Giving Back

Evening of Education, Emotion and Entertainment at Annual Manavi Fundraiser To End Domestic Violence Against South Asian Women

Assemblyman Upendra Chivukula address over 300 guests at the Annual Manavi Fundraiser Dinner on Domestic Violence. Credits: Edison TAP
Shruti Devi, Board of Directors member, with Keynote Speaker Assemblyman Upendra Chivukula Credits: Edison TAP
Manavi Banner  Credits: Edison TAP

EDISON, NJ – Manavi’s Annual Fundraising Dinner draws hundreds to raise awareness on domestic violence at Akbar Restaurant on Saturday. The Annual Dinner brought together Manavi survivors, volunteers staff and supporters for an evening of gratification, accomplishment and reflection.

The focus of the dinner is to bring the community together and reaffirm its commitment to end domestic violence against South Asian Women. With well over 300 guests in attendance, this was the largest turnout in Manavi’s 29 year history.

“Our community members are truly ambassadors and in this forum it is specifically designed so the word gets out, we are here, we are here to support and fight for the cause,” said Shruti Devi, Board of Directors member.  “I’m looking at our community members to become ambassadors. We want to educate the public and its not just women; it’s about men too. More and more focus is going to educating men and boys.”

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Key note speaker for the evening was Assemblyman Upendra Chivukula, serving Legislative District 17. Assemblyman Chivukula has the unique distinction of being the first Indian American elected to the New Jersey General Assembly.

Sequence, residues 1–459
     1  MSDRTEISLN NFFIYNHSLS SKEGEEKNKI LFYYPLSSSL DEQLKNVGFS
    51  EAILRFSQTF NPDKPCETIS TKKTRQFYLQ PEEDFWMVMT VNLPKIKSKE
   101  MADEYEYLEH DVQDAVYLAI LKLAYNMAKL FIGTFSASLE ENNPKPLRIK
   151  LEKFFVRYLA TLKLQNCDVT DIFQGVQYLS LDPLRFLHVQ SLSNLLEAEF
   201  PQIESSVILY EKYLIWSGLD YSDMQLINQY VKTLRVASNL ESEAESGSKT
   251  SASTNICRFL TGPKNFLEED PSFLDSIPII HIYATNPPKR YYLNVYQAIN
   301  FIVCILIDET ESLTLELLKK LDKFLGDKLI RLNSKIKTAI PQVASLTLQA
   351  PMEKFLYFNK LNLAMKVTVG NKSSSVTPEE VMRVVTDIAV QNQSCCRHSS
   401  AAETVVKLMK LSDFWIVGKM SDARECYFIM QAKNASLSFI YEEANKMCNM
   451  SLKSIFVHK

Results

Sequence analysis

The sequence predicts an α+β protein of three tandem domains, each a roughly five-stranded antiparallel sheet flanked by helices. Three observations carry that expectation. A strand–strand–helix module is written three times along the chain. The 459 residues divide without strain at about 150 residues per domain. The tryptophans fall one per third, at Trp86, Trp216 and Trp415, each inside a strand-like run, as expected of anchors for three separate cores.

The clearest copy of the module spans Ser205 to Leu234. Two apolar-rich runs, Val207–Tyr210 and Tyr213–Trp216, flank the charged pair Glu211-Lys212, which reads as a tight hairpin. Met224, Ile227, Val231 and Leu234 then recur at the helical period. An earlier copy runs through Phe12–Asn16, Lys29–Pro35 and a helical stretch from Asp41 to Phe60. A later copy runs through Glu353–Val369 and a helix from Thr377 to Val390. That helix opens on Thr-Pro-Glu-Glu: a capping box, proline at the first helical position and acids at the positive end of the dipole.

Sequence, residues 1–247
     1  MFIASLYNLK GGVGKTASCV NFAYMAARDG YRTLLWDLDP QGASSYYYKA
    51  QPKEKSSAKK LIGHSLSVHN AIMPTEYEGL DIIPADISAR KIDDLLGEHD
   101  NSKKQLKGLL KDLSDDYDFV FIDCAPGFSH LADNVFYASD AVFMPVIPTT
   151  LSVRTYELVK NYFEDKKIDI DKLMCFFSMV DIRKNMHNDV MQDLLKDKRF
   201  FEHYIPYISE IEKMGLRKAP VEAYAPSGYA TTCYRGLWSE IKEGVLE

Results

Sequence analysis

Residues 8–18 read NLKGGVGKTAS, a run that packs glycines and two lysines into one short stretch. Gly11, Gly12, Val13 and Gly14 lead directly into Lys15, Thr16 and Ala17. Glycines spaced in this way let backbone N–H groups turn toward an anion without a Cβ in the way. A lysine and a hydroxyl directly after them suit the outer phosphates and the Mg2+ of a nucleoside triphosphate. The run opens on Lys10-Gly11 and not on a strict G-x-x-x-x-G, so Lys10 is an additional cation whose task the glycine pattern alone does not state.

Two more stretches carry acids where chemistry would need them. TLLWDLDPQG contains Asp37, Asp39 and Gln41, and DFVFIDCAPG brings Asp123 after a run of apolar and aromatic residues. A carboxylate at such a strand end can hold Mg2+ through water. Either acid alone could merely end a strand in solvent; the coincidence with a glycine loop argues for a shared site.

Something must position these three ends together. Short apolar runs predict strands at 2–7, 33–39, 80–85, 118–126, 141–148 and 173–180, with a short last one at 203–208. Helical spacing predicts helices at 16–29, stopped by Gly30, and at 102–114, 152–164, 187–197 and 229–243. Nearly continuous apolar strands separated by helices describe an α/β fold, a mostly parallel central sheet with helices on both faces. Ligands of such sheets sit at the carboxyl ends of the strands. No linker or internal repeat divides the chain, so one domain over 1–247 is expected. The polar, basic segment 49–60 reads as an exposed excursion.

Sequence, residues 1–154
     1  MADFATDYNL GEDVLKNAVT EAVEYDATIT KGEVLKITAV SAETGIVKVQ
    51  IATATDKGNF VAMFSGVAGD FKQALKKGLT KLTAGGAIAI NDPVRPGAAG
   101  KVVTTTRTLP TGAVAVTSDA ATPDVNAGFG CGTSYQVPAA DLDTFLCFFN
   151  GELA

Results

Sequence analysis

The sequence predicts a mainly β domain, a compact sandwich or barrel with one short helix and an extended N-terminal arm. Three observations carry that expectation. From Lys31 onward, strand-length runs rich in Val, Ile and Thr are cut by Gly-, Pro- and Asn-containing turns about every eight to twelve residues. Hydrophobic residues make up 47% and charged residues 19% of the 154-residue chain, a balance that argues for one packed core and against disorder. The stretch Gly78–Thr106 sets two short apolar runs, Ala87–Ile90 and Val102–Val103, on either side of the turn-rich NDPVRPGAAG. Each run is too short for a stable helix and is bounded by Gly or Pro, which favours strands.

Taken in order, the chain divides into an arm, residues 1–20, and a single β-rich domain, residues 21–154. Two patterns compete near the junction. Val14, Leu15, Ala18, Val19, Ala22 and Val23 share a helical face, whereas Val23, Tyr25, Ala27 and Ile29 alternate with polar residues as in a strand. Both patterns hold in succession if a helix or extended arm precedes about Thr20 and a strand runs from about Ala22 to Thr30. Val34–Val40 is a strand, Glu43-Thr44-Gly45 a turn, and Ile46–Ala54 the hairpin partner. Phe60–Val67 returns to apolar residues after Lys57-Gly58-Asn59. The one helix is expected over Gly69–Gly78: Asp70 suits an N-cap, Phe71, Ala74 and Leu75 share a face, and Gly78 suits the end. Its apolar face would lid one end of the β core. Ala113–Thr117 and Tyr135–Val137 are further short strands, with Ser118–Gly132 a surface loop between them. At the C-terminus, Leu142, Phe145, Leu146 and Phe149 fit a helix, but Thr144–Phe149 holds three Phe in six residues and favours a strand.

"It is important to understand violence against women and well as domestic violence that is prevalent in the South Asian community.” said Assemblymen Chivukula. “The numbers show that 1 out of 4 women are victims of domestic violence and we need to educate the people and sensitize them so this type of violence can be prevented over a period of time.”

Two current survivors stepped up to the podium and shared their personal experiences with domestic violence. Both courageous survivors talked about their struggle to overcome the fear, guilt, shame and emotional upheaval of domestic violence. They thanked Manavi for helping them discover their inner strengths in a safe, secure and supportive environment. The audience was touched by their stories and generously applauded with standing ovations.

In order to help victims like the two survivors that spoke on domestic violence,  Manavi established, Ashiana (meaning “Nest” in Urdu), a temporary living facility for South Asian victims of domestic violence who need a safe place to go.

In 2013, 16 women resided in Ashiana for a period 1601 totaling days. Seven children also resided with their mothers for a total of 629 days; bringing the total number of residents to 23 and the total days of residency to 2230.

The services offered by Manavi emerged organizationally, as the organization endeavored to meet the needs of the women who sought assistance during crises.

Currently Manavi offers the following services:

• Culture specific counseling (Project Sabala)
• Crisis intervention and advocacy (Project Raahat)
• Women’s support group
• Legal clinic and referrals (Project Insaaf)
• Immigration relief and gender asylum (Project Zamin)
• Interpreter services
• Transportation
• Court/medical accompaniment
• Safe home (Project Ashiana)
• Outreach and education (Project (Rokeya)

For more detail information about organization please visit Manavi


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